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Shower timing

Posted by blueberry22 (My Page) on
Sat, Jan 29, 11 at 11:39

My dd is getting married next January. She and future sil are both grad students in California- the wedding is here on the East coast.

Future SIL's sister is getting married in NJ in late July and afterward my daughter and her fiance are planning on coming here to finalize all the wedding arrangements. They'll then return to California and don't plan on being back until a week or two before the wedding. (Future SIL has his qualifing exams in October)

Several of my friends and relatives want to give her a shower. The only logical time is the week in August- but I am concerned that having a shower a week after her SIL's wedding would be weird for the groom's side of the family.
The alternative would be to insist she come home at another time- either earlier in the summer or in the fall (when she would have to be by herself). Either way it obviously would ruin any surprise element.

What do you all think.


Follow-Up Postings:

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RE: Shower timing

First, best wishes on your daughter's engagement!

I would forget about any surprise element. I don't think it adds that much, and it will make your planning much, much harder for a bride across the country. (The last surprise shower I went to or even heard about was about 26 years ago, so it's not like it's expected.)

I think you need to tell her the choices and let her decide. I suppose you could do it without her fiance if his availability is the biggest timing problem. She and her fiance can discuss with someone on his side (his mom seems to be the obvious choice) whether a week after his sister's wedding would seem weird to his family (and their friends). If you know his mom at all, you might consider asking her directly; it might help forge your future relationship with her to plan together.

But I am assuming that you live close enough to his family that it would even be an issue. You told us that his sister's wedding is in NJ and that you are somewhere "on the East coast." If you aren't all that close (geographically), then I don't really see it being an issue anyway. Other than his mom and possibly his grandmothers and sisters, I wouldn't think that your friends and relatives would be inviting his relatives and family friends anyway, so the proximity in time to the other wedding is irrelevant.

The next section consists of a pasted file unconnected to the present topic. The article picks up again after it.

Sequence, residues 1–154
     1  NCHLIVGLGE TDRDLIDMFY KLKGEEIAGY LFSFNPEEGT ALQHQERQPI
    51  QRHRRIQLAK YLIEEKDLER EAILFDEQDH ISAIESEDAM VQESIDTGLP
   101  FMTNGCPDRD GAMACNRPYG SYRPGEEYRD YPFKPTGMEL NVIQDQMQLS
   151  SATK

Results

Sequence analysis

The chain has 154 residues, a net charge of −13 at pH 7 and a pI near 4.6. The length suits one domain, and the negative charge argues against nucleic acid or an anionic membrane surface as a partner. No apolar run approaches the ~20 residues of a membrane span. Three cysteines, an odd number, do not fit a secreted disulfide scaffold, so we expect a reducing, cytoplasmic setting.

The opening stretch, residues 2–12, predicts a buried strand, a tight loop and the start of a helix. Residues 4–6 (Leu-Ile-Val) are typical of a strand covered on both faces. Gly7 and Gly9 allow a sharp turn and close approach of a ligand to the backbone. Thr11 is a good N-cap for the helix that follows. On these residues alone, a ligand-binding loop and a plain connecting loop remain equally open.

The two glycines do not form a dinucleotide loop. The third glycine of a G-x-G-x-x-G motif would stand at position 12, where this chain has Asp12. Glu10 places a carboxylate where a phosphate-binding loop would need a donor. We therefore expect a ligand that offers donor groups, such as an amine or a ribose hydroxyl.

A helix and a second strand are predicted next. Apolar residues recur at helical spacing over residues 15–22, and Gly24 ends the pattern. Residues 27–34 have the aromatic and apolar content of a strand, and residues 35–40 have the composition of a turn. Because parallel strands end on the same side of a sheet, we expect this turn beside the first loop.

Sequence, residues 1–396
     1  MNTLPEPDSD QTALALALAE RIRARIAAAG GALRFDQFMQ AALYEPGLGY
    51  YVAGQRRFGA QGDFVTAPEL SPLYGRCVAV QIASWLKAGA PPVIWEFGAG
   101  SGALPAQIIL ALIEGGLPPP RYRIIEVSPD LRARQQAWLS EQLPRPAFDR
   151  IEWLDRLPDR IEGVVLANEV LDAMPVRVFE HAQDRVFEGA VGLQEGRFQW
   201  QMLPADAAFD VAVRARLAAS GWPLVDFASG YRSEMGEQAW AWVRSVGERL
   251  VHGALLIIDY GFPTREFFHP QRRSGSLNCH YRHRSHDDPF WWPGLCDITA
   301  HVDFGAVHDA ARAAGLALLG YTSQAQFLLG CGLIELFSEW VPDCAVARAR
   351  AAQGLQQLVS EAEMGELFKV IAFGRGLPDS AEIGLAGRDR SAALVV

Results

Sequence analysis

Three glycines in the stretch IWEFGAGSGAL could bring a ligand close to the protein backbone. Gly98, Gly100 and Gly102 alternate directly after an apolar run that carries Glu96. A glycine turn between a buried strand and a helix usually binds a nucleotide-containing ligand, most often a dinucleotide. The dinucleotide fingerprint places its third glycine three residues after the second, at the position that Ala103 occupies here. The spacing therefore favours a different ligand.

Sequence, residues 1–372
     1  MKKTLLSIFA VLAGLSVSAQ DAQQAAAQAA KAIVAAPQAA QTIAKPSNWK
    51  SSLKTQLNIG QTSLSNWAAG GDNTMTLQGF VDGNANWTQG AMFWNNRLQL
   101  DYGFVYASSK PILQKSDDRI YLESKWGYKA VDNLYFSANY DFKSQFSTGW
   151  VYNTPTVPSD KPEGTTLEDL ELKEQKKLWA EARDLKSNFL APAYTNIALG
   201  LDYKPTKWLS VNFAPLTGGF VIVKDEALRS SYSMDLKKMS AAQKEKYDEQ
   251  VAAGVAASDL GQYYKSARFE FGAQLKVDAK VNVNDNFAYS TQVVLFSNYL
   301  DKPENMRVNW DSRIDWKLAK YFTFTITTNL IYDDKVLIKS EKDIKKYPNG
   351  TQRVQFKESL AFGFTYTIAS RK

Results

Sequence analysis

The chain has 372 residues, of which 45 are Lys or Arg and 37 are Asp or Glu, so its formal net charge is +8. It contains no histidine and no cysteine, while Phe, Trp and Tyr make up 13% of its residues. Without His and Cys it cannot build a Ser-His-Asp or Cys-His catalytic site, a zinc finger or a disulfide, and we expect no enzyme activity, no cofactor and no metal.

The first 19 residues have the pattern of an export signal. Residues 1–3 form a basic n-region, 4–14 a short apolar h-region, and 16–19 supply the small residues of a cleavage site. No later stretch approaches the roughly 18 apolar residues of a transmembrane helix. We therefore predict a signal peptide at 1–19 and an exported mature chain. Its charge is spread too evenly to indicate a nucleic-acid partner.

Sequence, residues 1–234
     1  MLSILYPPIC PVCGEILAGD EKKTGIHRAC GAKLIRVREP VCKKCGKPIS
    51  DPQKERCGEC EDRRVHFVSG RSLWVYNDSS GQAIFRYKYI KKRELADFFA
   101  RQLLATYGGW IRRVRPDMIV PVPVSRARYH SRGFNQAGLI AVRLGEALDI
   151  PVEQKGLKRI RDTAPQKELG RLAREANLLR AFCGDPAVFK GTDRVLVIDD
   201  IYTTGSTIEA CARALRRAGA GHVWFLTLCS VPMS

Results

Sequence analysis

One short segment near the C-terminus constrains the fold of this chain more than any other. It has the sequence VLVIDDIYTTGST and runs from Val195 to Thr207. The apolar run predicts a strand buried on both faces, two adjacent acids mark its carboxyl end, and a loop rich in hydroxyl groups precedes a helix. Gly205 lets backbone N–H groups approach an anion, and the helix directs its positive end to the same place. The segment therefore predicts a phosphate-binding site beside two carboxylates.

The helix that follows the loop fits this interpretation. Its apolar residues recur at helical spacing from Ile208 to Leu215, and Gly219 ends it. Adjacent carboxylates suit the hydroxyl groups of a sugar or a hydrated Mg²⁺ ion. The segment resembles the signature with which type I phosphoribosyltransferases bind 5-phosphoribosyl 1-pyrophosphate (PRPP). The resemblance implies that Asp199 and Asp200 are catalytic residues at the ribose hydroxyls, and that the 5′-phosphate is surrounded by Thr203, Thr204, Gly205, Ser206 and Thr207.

Anyway, the bottom line is that you need to ask your daughter what would work best for her. That's the issue with any out of town bride, with or without another wedding in the family.


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RE: Shower timing

I agree about the surprise aspect. I don't know a single woman who wanted a surprise shower. My mother spoke of her dislike for hers 35 years after the fact.

Around here showers are usually 8-12 weeks before the wedding. I would ask your daughter, but I would lean towards her making a special trip (the groom doesn't need to attend). Are you absolutely sure about the guest list? Because once someone is invited to a shower they must be invited to the wedding. If the shower is 5 months before the wedding that means the guest list for the shower will be made about 6 months before the wedding. If anything changes you are stuck. If anyone from the groom's family will attend this shower then I don't think it should be held so close to the other wedding. Nothing liking upsetting a future MIL and SIL to set things off on a bad note.


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RE: Shower timing

Thank you for your responses. We are in Boston- groom's parents are in NJ although his grandparents, aunts etc are in New Hampshire and Georgia.

We do know the guest list. Given that it is going to be in January right after the holidays and there will be considerable travel involved we are geting "save the dates" out in March or April so everyone can start to put together plans.

I guess I was old fashioned enough to think that a "surprise" was an essential element!! I hated being surprised for mine (and was TOTALLY inappropriately dressed- another story) so I am glad that is not a requirement.

I don't want to step on anyone's toes. I quess I will have to get DD to come home in the fall.

Thank you


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RE: Shower timing

That probably is best. But as you are in Boston, just have it be a low-key, not too large event for local people only, which means the groom's family won't be invited anyway, and you can go ahead and do the week after the other wedding -- assuming your daughter wouldn't actually prefer a second trip east to hanging around for an extra week.

Just ask her -- she may tell you she would like to use that week for wedding planning errands.


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RE: Shower timing